Whistle blower protection not limited to first person reporting violations
In Hager vs County of Los Angeles, the issue was whether a subsequent reporter of illegal conduct could in fact claim whistle blower protection under California Labor Code 1102.5. A secondary issue under the Public Safety Officers Procedural Bill of Rights Act (POBRA) was whether excluding evidence of the plaintiff’s prior alleged misconduct at the job was an error.
The Court of Appeals held that restricting whistle blower protection to the first person reporting the same conduct misconstrues the legislative history and intent of Labor Code 1102.5.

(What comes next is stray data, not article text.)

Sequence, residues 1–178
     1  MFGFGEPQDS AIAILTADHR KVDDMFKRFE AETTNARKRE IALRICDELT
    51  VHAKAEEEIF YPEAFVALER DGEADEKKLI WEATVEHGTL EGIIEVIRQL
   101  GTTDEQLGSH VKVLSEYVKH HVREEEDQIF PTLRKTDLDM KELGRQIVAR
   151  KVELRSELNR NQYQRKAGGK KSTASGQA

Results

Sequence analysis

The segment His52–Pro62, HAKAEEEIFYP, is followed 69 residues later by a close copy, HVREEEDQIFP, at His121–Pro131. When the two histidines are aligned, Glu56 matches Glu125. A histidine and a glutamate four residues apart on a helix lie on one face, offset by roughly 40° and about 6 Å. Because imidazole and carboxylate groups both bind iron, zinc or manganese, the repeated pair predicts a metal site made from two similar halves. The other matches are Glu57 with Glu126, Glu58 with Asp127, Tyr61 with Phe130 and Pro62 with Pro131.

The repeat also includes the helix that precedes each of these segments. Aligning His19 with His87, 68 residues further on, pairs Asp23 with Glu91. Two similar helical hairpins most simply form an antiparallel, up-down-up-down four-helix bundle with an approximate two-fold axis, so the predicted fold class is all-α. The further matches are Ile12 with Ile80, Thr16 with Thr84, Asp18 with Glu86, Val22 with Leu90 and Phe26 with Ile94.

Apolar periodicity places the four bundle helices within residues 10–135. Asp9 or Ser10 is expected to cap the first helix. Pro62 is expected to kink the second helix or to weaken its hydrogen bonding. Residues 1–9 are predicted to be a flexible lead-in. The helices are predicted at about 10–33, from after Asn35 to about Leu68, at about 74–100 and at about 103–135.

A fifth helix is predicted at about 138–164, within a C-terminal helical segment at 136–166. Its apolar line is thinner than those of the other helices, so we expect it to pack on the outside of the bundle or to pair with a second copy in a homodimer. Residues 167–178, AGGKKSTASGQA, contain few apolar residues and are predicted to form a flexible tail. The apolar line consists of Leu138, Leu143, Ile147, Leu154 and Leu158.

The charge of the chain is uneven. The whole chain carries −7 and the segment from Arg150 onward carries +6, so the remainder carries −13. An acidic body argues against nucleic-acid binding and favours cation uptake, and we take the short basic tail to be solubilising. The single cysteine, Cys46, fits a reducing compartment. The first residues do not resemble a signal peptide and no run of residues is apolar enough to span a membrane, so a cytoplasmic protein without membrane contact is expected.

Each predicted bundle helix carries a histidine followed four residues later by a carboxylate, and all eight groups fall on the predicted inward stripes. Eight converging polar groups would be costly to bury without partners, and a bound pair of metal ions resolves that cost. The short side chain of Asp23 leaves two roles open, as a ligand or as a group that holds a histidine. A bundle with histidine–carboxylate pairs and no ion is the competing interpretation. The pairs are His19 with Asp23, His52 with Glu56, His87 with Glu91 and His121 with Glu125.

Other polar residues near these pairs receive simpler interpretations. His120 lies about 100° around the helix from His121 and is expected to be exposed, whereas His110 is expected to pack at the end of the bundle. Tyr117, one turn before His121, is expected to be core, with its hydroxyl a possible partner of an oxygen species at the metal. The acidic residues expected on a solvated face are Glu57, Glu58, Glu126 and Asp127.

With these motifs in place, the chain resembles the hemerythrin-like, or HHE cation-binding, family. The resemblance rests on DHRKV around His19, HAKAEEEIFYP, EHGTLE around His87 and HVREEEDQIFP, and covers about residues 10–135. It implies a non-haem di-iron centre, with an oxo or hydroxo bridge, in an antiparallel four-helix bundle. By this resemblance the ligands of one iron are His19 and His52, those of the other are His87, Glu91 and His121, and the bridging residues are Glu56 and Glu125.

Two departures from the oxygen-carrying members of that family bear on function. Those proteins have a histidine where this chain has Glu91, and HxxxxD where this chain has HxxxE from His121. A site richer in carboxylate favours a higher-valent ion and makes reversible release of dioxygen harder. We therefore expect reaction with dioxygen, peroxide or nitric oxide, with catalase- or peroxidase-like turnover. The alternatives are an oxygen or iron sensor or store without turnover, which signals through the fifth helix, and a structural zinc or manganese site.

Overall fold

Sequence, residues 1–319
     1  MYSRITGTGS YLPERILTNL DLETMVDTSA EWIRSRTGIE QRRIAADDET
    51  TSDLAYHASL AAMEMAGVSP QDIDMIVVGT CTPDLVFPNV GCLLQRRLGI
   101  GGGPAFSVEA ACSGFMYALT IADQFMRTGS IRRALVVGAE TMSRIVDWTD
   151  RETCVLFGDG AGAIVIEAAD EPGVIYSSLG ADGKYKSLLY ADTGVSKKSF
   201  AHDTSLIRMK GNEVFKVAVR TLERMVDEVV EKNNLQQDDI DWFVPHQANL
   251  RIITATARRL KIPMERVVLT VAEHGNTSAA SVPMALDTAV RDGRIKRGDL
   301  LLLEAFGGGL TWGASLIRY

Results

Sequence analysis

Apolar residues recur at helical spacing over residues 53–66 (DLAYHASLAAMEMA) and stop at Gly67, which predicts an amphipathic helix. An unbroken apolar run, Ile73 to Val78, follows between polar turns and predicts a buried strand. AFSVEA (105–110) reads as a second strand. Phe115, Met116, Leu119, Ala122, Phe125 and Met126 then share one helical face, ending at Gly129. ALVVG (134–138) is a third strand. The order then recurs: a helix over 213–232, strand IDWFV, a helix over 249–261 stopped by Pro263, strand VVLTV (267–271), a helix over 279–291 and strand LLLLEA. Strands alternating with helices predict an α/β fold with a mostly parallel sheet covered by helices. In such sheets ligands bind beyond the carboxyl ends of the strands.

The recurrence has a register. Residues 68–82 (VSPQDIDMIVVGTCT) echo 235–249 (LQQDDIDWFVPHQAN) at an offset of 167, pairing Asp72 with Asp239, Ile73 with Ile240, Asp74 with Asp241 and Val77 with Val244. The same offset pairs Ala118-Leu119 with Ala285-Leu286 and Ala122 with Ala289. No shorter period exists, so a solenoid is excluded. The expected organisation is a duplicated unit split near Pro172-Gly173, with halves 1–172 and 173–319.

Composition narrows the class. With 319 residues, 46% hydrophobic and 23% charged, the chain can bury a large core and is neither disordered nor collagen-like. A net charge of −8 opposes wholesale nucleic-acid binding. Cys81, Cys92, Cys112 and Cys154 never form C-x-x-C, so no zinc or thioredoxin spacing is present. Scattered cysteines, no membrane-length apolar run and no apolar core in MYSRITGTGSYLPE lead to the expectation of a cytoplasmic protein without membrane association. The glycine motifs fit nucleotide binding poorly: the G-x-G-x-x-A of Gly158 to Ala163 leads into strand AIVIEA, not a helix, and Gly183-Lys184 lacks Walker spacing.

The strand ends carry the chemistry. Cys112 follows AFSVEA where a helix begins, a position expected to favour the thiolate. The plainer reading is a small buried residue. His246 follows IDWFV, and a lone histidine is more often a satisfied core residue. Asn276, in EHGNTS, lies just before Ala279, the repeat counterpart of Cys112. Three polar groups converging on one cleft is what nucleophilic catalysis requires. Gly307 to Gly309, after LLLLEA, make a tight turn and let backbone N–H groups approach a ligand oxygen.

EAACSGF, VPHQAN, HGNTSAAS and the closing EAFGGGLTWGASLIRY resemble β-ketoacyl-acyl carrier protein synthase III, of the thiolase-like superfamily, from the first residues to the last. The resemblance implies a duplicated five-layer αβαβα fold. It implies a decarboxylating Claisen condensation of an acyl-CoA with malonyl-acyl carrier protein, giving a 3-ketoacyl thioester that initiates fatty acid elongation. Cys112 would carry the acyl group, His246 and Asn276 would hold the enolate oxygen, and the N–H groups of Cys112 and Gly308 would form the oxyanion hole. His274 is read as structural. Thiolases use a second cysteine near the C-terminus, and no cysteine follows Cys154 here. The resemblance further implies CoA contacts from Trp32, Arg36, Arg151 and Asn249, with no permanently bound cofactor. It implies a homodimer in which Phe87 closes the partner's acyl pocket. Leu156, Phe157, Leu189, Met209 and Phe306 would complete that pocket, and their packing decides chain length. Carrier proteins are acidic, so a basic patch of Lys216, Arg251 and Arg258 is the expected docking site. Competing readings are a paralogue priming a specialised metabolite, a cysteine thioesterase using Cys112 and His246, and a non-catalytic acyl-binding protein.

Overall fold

Learning lesson: Don’t be afraid to follow up a co-workers’ report of illegalities, especially if you don’t see your employer taking action to correct these mistakes. This would appear to be especially important in areas where public safety is involved, whether public (as in this case) or private (say, a private nursing facility operating in violation of Health and Safety issues such as staffing levels.
We support this decision as any judicial decision building an incentive to report wrongdoing appears to be supported by public policy. Workers who risk their livelihood to report illegal and unsafe activities by their California employers should not be denied the right to recover under appropriate state or federal statutes (such as the Federal False Claims Act or the State Whistle Blower Protection Act). We focus our practice on claims of wrongful termination, retaliation and termination in violation of public policy by California whistle blowers. Lets chat about your case.